Question for men about their mothers


#1

Hi guys,

I am asking mainly out of curiositiy, but I was wondering if some of you guys would feel comfortable sharing

1-) If you love and respect your mom and have a close relationship, what she did right

2-) If you and your mom barely talk, what she did wrong

As a women, I totally want to live in a society where we are all equal. However, when I see the behaviour of some women, I want to bang my head against the wall. How can women demand respect when we have some of those idiots on our team.

I also think that since mom’s usually are the primary care taker of young boys, mother’s have lots of power to raise boys to be men who respect women.

I have seen some things that women do that I think could make a boy very akward. I go to the gym and I have seen a mom bring her 5 year old boy into the women’s change room where women are walking around naked. I think that would embarras a little boy. I have seen women take their son’s out to coffee with the girls and talk about their dates and details I would not be comfortable saying out loud in a public place.

I have also seen the flip side where adult men are TOTALLY controled by their mother’s guilt trips. I doubt that is a healthy respect for women.

I have also heard of adult men who mock their mother for doing house work in their underwear when the child was old enough to remember.

All that to say, guys, please tell me exaclty what you think mom’s should do to earn a son’s healthy respect and what to avoid. And how adult women should behave around little boys (eg not insist on hugging and kissing them etc)

For the record, I have no kids this is purely a curiosity question

CM


#2

My own mother passed away many years ago, so I can't really contribute too much to this thread as far as examples from her, but I would say that if the behavior that you have described bothers you, you've probably got a pretty good idea of what a woman should not expose her children to. Good for you, because you obviously know not everyone has that sense (just as many men surely don't have much of an idea what is appropriate for children, either).

For myself, I guess I am rather "old school": Parents are to model the sort of behavior they would like their children to engage in, and the sort of the values that they would like their children to absorb. If you want your child to grow up to be crude, thoughtless, shameless, etc. (or resent/be ashamed by you for being that way), then feel free to expose them to any old thing that you want to do or say. But that's a way to produce psychopaths, or at least neurotic people. Nobody's ever going to get it 100% right (parents are also humans, no matter what their teenagers might think), but if you try to instill in your children the kinds of values and morals you think are healthy, then when they are confronted by things that conflict with those values and morals (which they will be, almost immediately and practically incessantly), they will at least be able to weigh whatever other value system they are confronted by against what they were raised with. If they reject your value system, you can at least say you honestly tried. And, above all things, love them and keep your love for them and your role in shaping them as people at the front of your mind when you make decisions about what to expose them to and how to behave around them and toward them.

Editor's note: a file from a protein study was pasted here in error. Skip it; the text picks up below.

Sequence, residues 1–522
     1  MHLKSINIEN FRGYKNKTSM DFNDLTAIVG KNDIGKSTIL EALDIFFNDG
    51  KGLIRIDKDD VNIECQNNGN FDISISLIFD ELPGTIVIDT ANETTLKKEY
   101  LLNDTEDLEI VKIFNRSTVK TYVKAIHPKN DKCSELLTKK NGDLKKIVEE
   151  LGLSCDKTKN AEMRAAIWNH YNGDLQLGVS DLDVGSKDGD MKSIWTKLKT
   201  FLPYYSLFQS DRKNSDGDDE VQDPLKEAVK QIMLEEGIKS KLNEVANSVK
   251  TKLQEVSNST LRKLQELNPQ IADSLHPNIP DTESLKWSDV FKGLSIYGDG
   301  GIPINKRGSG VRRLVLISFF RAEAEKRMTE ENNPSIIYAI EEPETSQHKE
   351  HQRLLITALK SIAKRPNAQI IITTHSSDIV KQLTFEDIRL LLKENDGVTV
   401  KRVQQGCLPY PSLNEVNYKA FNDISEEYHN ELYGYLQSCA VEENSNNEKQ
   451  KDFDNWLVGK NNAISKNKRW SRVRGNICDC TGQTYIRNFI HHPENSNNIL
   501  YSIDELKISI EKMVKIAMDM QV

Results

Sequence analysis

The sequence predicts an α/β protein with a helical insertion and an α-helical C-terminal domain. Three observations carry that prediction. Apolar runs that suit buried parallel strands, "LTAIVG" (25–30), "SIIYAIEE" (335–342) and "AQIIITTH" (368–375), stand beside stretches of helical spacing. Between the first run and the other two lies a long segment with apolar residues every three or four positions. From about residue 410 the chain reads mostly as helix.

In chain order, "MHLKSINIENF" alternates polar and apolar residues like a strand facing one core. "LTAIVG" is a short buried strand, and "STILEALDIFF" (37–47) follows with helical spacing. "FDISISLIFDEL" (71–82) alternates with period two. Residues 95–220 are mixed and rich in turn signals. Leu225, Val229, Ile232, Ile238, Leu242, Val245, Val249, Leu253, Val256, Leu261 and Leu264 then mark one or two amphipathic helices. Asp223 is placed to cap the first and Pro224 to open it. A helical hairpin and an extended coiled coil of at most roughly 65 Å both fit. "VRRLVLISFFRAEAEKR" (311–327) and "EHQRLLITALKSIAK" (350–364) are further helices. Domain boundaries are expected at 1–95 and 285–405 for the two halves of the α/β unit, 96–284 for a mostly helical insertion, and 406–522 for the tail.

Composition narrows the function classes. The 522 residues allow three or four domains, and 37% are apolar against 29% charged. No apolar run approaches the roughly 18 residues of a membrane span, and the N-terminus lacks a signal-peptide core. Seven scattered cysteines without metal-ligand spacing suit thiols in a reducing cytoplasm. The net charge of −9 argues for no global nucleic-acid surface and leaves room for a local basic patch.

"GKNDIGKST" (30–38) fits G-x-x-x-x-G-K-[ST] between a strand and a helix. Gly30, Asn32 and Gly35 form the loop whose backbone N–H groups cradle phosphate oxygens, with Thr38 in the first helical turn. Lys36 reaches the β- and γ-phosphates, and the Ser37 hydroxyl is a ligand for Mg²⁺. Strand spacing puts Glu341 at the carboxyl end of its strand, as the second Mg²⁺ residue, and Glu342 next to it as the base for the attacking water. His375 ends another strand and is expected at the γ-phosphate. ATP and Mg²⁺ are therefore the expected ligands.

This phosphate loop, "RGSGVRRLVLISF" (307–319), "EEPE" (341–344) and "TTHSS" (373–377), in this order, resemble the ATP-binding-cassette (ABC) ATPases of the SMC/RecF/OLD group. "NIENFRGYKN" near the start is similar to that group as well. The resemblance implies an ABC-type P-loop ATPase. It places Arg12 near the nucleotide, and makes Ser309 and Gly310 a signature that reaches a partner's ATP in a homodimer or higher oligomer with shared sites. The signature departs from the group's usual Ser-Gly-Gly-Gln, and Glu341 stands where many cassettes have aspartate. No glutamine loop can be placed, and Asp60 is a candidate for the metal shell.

:twocents:


#3

1)I love and respect my mother, but only to a point, I wish our relationship was better, always have, will point out what she did right. She encouraged me with my art and music, even tossed me a couple of books to read. It’s not the what she did element though, I guess it’s a chemistry element that is in the lead on the reason why.

2)Yes, I fit into both answers here. I barely talk to her these days, has been that way for most of my life. The many reasons why, detailed out onto the internet in it’s raw form, are not appropriate, but I guess the bottom line being, it doesn’t seem like I’m much of a priority to her, in her world, and we differ greatly along our spiritual beliefs as well. When we visit each other, there are zero harsh words and it’s all very nice, but when I leave, it seems all of that no longer existed for some reason, it has me perplexed.

I do think though, in my case, it’s because I have to be the one to re-establish the family structure dynamic, with the help of God of course, and lead the rest of them to realize, family is a higher priority then mammon…bottom line, with a fully functioning, as God intended it, family structure, nothing but good things come out of it for all, and I mean for all… Anyway, enough with the rant, the nutshell in my case, both parents were very distant, emotionally, so now, have salvaged what I can out of it, making the best of what I have, and moving forward, in my very clear “Catholic” way…

3)The golden rule to doing it right, spend time with them, one on one, quality time, group time as well within the family, just make them a priority as an individual, if you do, and do always, every day, you will be considered an awesome parent by your children.